Brain and Body

Study Finds “Skunk” Cannabis Damages White Brain Matter, Induces Psychosis

December 1, 2015 | Kelly Tatera

young woman smoking pot or marijuana. Lighter
Photo credit: Chuck Grimmett/Flickr (CC BY-SA 2.0)

Stoners, take heed.

In the first study of its kind, researchers from King’s College London and Sapienza University of Rome collaborated to study the effect of cannabis potency on the brain. The findings don’t yield good news for stoners around the world who have been rolling up joints of “skunk” cannabis sold on the streets — the high-potency marijuana can significantly damage the brain’s white matter and induce psychosis, a mental disorder characterized by a disconnection from reality.

Studying the effects of highly-potent cannabis is particularly important in this day and age since modern “skunk” weed contains higher proportions of THC (Tetrahydrocannabinol) than marijuana products did around a decade ago. In fact, “skunk-like” cannabis products are thought to be the most commonly smoked form of marijuana in the UK — it’s actually virtually impossible to buy any other type of weed, according to The Spectator.  

To explore the impact of cannabis potency in inducing psychosis, the researchers looked at the white matter of 99 study participants — 56 of which had reported a first psychotic episode — using an fMRI technique. The findings showed that white matter damage was significantly greater among volunteers who used high-potency cannabis as opposed to those who were occasional smokers or low-potency users.

SEE ALSO: Smoking Weed May Help Treat Eating Disorders

“We found that frequent use of high potency cannabis significantly affects the structure of white matter fibers in the brain, whether you have psychosis or not,” Dr. Paola Dazzan, senior study researcher at King’s College London, said in a press release. “This reflects a sliding scale where the more cannabis you smoke and the higher the potency, the worse the damage will be.”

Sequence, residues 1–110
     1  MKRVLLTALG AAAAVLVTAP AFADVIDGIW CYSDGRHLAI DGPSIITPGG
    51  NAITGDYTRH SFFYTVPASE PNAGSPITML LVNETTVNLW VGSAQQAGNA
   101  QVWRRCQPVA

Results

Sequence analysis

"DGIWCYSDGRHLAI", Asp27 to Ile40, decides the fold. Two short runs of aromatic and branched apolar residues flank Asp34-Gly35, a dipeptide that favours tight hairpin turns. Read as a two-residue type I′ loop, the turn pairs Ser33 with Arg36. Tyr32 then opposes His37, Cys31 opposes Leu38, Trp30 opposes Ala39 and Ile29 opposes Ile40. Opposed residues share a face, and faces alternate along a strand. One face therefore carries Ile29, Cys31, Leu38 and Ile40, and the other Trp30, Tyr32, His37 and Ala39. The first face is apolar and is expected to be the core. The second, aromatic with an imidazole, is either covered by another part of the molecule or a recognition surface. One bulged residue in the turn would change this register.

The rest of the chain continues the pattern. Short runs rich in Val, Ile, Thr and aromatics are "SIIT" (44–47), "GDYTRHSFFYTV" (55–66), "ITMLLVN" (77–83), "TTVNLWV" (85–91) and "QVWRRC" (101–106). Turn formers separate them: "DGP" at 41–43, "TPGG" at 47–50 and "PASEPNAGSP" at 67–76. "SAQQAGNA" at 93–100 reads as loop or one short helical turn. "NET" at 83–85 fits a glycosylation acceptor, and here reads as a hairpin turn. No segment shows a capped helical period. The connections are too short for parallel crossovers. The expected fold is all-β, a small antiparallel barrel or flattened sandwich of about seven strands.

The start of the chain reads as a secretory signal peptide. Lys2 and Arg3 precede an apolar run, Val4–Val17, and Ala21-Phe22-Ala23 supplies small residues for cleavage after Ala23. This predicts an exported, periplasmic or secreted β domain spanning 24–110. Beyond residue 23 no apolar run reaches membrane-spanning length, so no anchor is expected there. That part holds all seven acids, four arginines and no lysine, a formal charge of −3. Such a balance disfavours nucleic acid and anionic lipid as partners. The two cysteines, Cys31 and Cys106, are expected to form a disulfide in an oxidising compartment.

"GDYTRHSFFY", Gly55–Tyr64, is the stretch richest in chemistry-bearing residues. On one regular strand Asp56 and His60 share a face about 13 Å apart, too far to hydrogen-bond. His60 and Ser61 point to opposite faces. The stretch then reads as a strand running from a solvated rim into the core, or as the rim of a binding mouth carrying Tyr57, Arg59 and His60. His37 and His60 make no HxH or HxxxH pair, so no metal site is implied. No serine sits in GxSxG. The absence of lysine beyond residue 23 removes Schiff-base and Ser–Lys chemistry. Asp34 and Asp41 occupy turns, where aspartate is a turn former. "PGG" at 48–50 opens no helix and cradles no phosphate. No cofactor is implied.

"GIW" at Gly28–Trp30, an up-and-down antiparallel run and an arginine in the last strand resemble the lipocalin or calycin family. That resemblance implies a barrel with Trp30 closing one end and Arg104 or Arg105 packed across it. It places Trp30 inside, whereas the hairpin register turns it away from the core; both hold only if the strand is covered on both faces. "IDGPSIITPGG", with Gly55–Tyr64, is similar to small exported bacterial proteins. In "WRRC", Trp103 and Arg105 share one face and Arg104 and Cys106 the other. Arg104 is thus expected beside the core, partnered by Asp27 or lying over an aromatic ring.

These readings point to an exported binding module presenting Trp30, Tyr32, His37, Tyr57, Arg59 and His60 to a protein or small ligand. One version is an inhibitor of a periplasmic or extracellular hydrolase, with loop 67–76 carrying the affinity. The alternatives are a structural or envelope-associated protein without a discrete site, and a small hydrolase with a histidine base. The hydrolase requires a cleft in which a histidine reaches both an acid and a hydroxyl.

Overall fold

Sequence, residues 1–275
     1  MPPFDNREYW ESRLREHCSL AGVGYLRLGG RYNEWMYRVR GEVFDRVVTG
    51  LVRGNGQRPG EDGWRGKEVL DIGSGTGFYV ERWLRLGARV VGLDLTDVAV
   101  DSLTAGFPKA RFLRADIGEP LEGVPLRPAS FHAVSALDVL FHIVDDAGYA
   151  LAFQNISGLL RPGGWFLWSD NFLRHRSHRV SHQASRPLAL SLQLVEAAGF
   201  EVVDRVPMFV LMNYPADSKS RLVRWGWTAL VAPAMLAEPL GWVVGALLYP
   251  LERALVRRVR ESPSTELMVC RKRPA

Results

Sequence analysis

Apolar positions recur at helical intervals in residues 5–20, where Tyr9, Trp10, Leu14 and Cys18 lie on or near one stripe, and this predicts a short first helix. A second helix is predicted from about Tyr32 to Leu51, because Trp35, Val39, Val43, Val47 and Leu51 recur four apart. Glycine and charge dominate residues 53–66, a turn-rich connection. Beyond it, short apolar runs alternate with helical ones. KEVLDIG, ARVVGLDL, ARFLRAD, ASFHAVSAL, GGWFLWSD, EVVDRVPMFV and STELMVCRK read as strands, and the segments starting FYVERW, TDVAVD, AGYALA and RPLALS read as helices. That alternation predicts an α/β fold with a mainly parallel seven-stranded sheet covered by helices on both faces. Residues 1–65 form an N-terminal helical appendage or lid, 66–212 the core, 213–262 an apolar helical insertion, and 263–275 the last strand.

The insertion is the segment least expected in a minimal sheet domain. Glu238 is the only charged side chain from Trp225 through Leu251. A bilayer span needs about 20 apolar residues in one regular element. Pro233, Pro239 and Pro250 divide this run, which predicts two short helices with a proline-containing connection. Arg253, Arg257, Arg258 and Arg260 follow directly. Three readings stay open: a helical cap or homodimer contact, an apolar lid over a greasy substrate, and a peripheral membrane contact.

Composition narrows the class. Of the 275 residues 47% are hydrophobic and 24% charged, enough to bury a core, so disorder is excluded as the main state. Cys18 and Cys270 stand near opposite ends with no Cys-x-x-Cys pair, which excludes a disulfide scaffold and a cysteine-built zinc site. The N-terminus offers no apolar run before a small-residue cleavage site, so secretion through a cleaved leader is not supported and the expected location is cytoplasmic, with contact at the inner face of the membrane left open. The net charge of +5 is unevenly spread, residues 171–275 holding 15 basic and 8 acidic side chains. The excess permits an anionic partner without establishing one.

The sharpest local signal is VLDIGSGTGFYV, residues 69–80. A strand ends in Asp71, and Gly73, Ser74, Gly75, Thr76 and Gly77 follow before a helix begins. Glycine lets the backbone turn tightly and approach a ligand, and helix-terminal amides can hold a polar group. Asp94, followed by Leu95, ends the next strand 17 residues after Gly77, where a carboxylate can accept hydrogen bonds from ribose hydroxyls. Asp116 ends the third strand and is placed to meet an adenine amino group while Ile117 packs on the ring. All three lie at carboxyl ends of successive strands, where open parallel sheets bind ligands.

Basically, smoking skunk can indeed induce symptoms of psychosis, but the potent pot will lead to white matter brain damage either way. What makes white matter so important anyway? It’s a vast system of neural connections that connects the grey matter in different regions of the brain, enabling fast communication. In the past, researchers have overlooked white matter, but recent studies find it contributes to psychiatric disorders, cognitive function, learning, and IQ.

The researchers specifically studied the corpus callosum, the largest white matter structure in the brain that’s responsible for communication between the left and right hemispheres.

As explained by the Dana Foundation, an organization committed to advancing brain research, “Without functioning white matter, the brain could be like a group of people in proximity to each other but unable to communicate with each other.” So it’s safe to say that we need our white matter.

“When assessing cannabis use it is extremely important to gather information on how often and what type of cannabis is being used,” said Dr. Dazzan. “These details can help quantify the risk of mental health problems and increase awareness on the type of damage these substances can do to the brain.”

Considering that genetic analyses of marijuana has found little evidence of distinct strains, it’s hard to truly be certain of what you’re buying when it comes to unregulated, illegal weed. While medicinal marijuana has proven to provide a number of health benefits, it’s best to stay skeptical of the “skunk” cannabis that’s available on the street.

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